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268 A.2d 788 (1970)


No. 10-70.

Supreme Court of Vermont, Washington.

July 22, 1970.

Free & Bernasconi, Barre, for plaintiff.

Hiram S. Hunn, Town Agent, Plainfield, for defendant.


SHANGRAW, Justice.

The Barre City Hospital and Heaton Hospital merged to form the plaintiff, Central Vermont Medical Center. All accounts receivable of these two hospitals were assigned to the plaintiff on August 5, 1968. The plaintiff brought suit in the Washington County Court on October 16, 1969 to recover for hospital care furnished at various times by the Barre City Hospital and Heaton Hospital prior to October 1, 1968, as evidenced by the accounts so assigned.

No. 147 of the Public Acts of 1967, revised the state welfare laws and now charges the Department of Social Welfare with the responsibility to furnish relief to a transient person. This act repealed the statutory municipal requirement for such assistance.

Section 46 of No. 147 reads:

"When a town is obligated to furnish relief to a transient person under subchapter 4 of Chapter 15, of Title 33, and the need for relief continues after October 1, 1968, the town shall notify the department of social welfare. The town shall not be liable for relief furnished to the transient person after October 1, 1968, and the relief shall be chargeable to the department of social welfare."

*789 Of further importance in this case is section 214 of Title 1 which reads:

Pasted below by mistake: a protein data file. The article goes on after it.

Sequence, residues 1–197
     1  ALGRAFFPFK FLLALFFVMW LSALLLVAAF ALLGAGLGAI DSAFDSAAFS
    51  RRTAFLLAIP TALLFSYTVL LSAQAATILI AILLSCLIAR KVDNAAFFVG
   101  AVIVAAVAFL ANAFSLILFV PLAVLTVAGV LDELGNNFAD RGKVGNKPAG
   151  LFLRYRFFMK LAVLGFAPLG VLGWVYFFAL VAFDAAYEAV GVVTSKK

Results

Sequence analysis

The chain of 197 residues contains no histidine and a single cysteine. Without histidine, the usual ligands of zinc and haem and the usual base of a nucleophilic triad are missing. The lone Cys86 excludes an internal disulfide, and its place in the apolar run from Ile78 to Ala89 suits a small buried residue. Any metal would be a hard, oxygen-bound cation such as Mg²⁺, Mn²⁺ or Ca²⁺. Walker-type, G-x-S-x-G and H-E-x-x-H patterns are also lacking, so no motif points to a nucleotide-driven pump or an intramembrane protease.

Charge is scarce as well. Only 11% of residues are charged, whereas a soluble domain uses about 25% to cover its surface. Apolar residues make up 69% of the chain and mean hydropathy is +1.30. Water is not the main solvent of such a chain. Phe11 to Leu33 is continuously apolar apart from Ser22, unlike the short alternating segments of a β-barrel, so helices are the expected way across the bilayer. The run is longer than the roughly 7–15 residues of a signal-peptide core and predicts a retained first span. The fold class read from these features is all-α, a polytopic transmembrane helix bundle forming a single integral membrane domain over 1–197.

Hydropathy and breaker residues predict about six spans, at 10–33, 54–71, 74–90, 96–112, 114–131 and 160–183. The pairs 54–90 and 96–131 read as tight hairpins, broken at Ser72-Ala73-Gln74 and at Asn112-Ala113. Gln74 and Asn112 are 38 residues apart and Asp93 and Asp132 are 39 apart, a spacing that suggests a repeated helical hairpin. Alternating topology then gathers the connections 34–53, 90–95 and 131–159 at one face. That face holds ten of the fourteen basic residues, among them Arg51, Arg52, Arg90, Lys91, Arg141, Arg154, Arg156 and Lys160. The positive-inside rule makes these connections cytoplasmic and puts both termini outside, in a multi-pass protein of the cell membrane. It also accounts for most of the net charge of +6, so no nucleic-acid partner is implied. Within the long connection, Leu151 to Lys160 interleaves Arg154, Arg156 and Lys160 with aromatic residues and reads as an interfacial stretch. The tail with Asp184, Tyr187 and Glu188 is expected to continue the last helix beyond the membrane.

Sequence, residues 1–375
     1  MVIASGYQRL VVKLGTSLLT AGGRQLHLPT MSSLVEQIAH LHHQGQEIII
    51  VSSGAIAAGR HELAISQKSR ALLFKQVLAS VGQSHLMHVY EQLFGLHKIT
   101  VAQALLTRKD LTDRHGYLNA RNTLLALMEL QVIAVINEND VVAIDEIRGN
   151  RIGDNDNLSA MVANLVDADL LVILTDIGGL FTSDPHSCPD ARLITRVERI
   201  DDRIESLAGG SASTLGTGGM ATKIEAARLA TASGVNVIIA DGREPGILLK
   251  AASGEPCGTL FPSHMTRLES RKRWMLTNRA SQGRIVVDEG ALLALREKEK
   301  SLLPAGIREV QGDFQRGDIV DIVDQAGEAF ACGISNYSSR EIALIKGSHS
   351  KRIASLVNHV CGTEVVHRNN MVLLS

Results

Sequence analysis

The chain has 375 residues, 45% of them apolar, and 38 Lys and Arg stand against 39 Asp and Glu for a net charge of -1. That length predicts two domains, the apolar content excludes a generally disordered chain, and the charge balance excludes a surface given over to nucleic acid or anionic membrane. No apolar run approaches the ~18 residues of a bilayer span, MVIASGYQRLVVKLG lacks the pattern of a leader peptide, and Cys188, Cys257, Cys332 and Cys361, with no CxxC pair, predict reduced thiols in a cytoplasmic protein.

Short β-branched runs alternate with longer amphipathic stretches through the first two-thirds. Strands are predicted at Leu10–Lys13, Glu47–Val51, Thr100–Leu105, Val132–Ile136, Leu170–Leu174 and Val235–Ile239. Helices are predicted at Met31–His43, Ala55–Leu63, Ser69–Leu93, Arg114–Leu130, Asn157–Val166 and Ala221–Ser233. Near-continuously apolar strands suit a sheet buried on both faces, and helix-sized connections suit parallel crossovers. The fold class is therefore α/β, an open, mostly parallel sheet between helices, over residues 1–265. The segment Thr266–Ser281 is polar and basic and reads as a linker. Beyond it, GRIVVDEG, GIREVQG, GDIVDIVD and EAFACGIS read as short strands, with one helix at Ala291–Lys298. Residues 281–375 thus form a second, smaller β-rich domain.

"The repeal of an act shall not revive one which has been repealed, nor affect an act done, a right accruing, accrued, acquired or established, or a suit or proceeding had or commenced in a civil cause before the time when the repeal takes effect; nor shall it affect a suit pending at the time of such repeal for the recovery of a penalty or forfeiture incurred under the act so repealed."

The defendant filed a motion to dismiss and assigned several grounds in support thereof. The motion was denied. The defendant requested and was granted permission to appeal before final judgment under the provisions of 12 V.S.A. section 2386. The lower court certified this question:

"Does the enactment of No. 147 of the Acts of 1967 bar plaintiff's recovery in this action brought pursuant to former Chapter 15 of Title 33 V.S.A. when the action was commenced subsequent to the effective date of No. 147 of the Acts of 1967?"

The question is narrow, yet, on this interlocutory appeal the defendant has advanced ten claims in support of its motion to dismiss, which relate to the sufficiency of the allegations of the plaintiff's complaint. It will be seen that the question certified relates to the force and effect of the 1967 statute. It does not reach or include the sufficiency of the pleadings.

This Court is limited to the question certified and will not consider such other question which might at some other point in the case be properly considered. In re Crescent Beach Association, 126 Vt. 448, 453, 126 A.2d 497; Dresden School District v. Norwich Town School Dist., 124 Vt. 227, 228, 203 A.2d 598. Other than the question certified, the grounds set forth in defendant's motion to dismiss are irrelevant at the present time and cannot be considered by this Court.